Even After Implementation Talk Continues In Oklahoma Over Affordable Care Act

Oct 7, 2013

Even though key features of the federal Affordable Care Act are now in place, the conversations continue over the law's implementation in Oklahoma.

The Republican-controlled state government continues to object to the federal mandates that are part of the new law.

Oklahoma state government, led by Gov. Mary Fallin, declined to set up a state-run exchange or accept additional Medicaid funding from the federal government.

The federal government is in charge of  Oklahoma's exchange that is now open. Washington also provided a waiver for Insure Oklahoma to continue to serve people with incomes under the federal poverty line, but it won't serve them all.

"The governor has been very, very clear about this. She wants people to have access to accurate information, for people who are interested in that," Terry Cline, Oklahoma Commissioner of Health.

On this edition of Oklahoma Voices, a recent public panel hosted by Oklahoma Watch, addressed many of the issues surrounding the exchanges and the health care law.

The panel, came one week before the health care exchanges opened (find reporting on the law here).

The conversation aired on KGOU ranged from the basics of the insurance exchange to the future of Insure Oklahoma and the impact of the Affordable Care Act (ACA) on hospitals.  The panelists were Andrew Rice, Executive Director of the Variety Care Foundation, and Terry Cline, Oklahoma Commissioner of Health.


OETA also reported on a range of issues surrounding the implementation of the Affordable Care Act in Oklahoma with guests Nico Gomez, chief executive of the Oklahoma Health Care Authority; Andrew Rice, former state senator and executive director of the Variety Care Foundation; Matt Ball of Americans for Prosperity; and, Dr. Katherine Scheirman, state director of Doctors for America.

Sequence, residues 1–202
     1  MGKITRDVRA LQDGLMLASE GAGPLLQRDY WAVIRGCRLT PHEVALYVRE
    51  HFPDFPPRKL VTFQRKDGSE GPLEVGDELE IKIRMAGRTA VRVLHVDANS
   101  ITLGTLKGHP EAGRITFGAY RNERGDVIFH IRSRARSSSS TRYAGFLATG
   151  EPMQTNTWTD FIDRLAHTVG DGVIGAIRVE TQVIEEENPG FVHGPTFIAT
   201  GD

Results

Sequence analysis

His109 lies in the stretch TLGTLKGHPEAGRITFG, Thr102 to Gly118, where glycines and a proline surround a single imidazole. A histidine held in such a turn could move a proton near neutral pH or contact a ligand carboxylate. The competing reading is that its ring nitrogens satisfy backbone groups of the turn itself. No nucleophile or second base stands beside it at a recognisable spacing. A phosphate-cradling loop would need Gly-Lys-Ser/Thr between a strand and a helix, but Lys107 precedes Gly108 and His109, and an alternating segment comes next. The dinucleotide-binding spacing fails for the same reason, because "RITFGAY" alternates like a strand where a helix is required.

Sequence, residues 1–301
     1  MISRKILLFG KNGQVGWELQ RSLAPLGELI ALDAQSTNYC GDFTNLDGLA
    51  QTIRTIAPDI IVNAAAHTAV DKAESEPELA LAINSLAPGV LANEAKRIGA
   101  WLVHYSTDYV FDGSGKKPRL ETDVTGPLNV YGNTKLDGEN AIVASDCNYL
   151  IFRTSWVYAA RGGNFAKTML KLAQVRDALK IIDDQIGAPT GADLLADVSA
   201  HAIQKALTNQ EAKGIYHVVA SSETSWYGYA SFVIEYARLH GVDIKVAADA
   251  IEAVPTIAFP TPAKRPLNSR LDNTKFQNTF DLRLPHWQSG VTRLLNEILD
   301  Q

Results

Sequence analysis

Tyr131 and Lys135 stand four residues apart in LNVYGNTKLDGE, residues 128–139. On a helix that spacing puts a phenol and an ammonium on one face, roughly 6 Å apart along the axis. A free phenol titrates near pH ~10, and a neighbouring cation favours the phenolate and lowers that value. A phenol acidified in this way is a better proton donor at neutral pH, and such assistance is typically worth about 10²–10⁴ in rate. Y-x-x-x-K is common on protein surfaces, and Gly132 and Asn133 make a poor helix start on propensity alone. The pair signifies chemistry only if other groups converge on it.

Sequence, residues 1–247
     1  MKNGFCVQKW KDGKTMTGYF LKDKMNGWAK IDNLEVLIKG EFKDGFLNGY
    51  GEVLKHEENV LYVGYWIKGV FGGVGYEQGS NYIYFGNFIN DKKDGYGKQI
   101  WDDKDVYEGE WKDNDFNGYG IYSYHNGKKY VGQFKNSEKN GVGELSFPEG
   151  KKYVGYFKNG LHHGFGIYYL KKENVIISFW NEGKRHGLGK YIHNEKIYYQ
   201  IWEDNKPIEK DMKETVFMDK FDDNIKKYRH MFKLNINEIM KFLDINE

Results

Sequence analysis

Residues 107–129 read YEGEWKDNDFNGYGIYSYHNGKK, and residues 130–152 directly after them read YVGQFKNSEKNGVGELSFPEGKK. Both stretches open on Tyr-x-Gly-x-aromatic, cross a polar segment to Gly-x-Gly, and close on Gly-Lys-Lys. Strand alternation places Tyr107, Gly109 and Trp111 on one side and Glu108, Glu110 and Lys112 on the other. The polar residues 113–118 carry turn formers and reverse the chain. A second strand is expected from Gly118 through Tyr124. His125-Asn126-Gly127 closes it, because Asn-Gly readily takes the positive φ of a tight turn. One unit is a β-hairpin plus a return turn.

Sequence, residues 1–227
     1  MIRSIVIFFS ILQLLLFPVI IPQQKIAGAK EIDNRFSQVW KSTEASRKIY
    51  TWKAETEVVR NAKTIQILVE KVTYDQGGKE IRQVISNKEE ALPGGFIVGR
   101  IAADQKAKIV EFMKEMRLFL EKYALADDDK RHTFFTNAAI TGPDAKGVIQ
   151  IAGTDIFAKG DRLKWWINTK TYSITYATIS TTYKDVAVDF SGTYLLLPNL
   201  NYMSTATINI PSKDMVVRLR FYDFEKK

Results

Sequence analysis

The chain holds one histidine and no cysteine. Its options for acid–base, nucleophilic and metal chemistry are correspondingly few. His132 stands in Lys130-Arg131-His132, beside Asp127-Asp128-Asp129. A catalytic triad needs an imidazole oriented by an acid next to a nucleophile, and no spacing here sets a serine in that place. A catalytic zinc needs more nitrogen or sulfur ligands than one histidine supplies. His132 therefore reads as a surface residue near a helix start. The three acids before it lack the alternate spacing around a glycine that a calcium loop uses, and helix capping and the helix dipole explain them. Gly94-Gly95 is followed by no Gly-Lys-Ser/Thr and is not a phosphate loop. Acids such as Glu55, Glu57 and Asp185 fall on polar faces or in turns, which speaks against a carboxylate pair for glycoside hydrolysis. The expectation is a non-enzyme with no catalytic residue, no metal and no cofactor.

Oklahoma Watch profiled 5 different Oklahomans, reviewing their life circumstances and the estimated costs of purchasing health insurance under the ACA.

The LA Times profiled Choctaw County where there folks there have apprehensions about the new law, and also explores the law suit against ACA by Oklahoma's Attorney General, Scott Pruitt.

In dozens of interviews here, many said they feared they would be forced to buy insurance they couldn't afford. Some said they were told (erroneously) that insurance penalties would come out of their Social Security checks; others said they'd heard the law meant they'd soon have to travel several hundred miles to see a doctor.

There were also dueling opinion pieces in the Tulsa World. One from Sen. Tom Coburn and Jonathan Small argues Oklahoma did the right thing by refusing the federal funding for expanding Medicaid because the federal government might not always provide the amount of funding detailed by the ACA.

Another one  from David Blatt and Robert J. LaFortune notes  the additional Medicaid funding would cover Oklahomans under the federal poverty line who are not covered by Insure Oklahoma and ultimately would increase revenues to the state because of a healthier work force.


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